Muscle makes up anywhere from 40 to 55% of the adult horse’s body and is impacted by many factors, including age, level of physical activity, nutrition, as well as underlying disease or illness. One of the most common topics around the horse’s muscling is building topline and while this is very important, it is only a snapshot of the role of muscles in the body. There are hundreds of individual muscles in the horse’s body, and each carry out specific jobs. Skeletal muscles are responsible for movement and posture, while smooth muscle helps involuntary processes, like moving food through the digestive tract, and keeping the heart pumping.
Skeletal muscle is the type of muscle that we are looking at when we visually evaluate the horse’s muscling and the type of muscle we aim to condition to support performance. Although topline muscles are just a few of the horse’s many muscles, it is a good area to visualize the horse’s muscling and an area we specifically evaluate as part of the Tribute® Wellness System.
How Do Horse’s Build Muscle?
Muscle is a very active tissue; it is constantly being broken down and remade. Skeletal muscle is made up of long fibers that stretch and contract to create movement. With movement comes small micro trauma, which stimulates muscle synthesis to create repairs. When the rate of muscle synthesis is greater than the rate of muscle breakdown, the muscles will increase in size (hypertrophy). Exercise will stimulate this process.
For muscle to grow, there must be adequate nutrients to support the repair process. The composition of muscle is about 75% water, 20% protein and the remaining 5% is a balance of fat, minerals, vitamins and a small amount of carbohydrate storage in the form of glycogen.
The first nutrient most people focus on to support the muscle is protein. This is broadly correct, but not just any protein will support muscle growth. Most horses get plenty of protein in their diet from forage alone, but we don’t see muscle growth on forage-only diets. There are specific amino acids, the building blocks of protein, that are required to be added to the horse’s diet to allow them to use the protein in their forage. In the horse, lysine is the first limiting amino acid and methionine and threonine are likely limiting, as well.
There is limited research on the impact of Branched Chain Amino Acids (BCAA) on muscle growth in horses. There is a strong focus on BCAA in human nutrition, but the research in horses has been equivocal. It is likely the case that BCAA are often present in great enough quantity in the base diet for many horses. Looking first at the quality of protein in the base diet and whether the limiting amino acids are being added should be the main focus because adding BCAA without enough lysine, methionine and threonine will be ineffective. A BCAA can be added on top of a well-fortified diet without causing any harm and may have the potential to help.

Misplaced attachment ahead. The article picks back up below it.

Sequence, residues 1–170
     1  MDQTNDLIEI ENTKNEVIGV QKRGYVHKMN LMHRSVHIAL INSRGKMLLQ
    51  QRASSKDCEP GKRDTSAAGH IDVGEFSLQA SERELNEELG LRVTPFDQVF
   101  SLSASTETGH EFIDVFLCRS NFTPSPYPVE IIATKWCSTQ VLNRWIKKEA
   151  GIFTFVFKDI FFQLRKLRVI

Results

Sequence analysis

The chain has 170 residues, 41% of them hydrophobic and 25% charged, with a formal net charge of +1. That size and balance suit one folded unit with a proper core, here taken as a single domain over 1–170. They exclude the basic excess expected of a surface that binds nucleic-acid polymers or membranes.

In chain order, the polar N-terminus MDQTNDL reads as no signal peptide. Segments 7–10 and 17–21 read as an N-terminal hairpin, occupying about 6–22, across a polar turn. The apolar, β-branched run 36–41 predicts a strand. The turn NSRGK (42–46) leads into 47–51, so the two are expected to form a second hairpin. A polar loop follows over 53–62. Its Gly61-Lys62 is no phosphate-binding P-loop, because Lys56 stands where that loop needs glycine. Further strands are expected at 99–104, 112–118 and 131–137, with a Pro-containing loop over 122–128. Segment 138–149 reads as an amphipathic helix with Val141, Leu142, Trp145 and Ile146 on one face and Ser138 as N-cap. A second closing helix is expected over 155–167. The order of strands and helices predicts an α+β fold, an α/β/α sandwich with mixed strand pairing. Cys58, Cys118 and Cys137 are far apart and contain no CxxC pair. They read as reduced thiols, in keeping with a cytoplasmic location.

Can Horses Build Muscle with Nutrition Alone?
Yes, horses can build muscle with nutrition alone up to a point. Essentially, horses will build muscle up to their genetic potential when the diet supplies the amino acids and energy needed. This is why we can visually see a difference in the topline of a horse who is retired or otherwise not in work when the diet is adjusted to meet the horse’s needs.
How Can I Help My Horse Build Muscle?
Nutritionally, it takes more than just protein to build muscle. Horses that are underweight cannot build muscle because their energy intake is going toward supporting the daily processes that support life and what is left over will go toward weight gain until they are at a healthy weight. If your horse is thin and lacks muscle, step one to helping your horse build muscle is addressing why they are underweight.
Next, evaluate where your horse’s muscling is currently and determine what an achievable goal is for that horse using the Tribute® Wellness System Topline Scoring metric. Horses will have different genetic potential for muscle growth. The extreme ends of the spectrum are a horse bred for bulky muscle expression, like the halter bred Quarter Horse, compared to the lean and fit Thoroughbred racehorse. Most healthy horses, with proper race horse feed & nutrition, should be able to build a topline score of a 3 with little to no work required. However, only horses with a high genetic potential for muscle growth will achieve a topline score of 4, even with an exceptional nutrition and exercise program.
Once your goals have been identified, it is time to determine if the diet you are feeding meets your horse’s needs. Generally, if you are feeding at least the label recommended rate of a commercial horse feed with limiting amino acid fortification, you are likely to be meeting the needs of the otherwise healthy horse. Some horses benefit from an extra boost of limiting amino acids. Even when fed a well-fortified diet, a ration balancer, like Essential K®, can be a very helpful tool to support muscle development when added to the existing diet. We are happy to help you through this process with a personalized equine feed plan.
Finally, while the goal with all horses is to build a strong topline, the specific muscular conditioning required is dependent on the horse’s job. Working with a qualified trainer in your discipline of choice to tailor an exercise program to your horse’s needs will help you achieve your goals.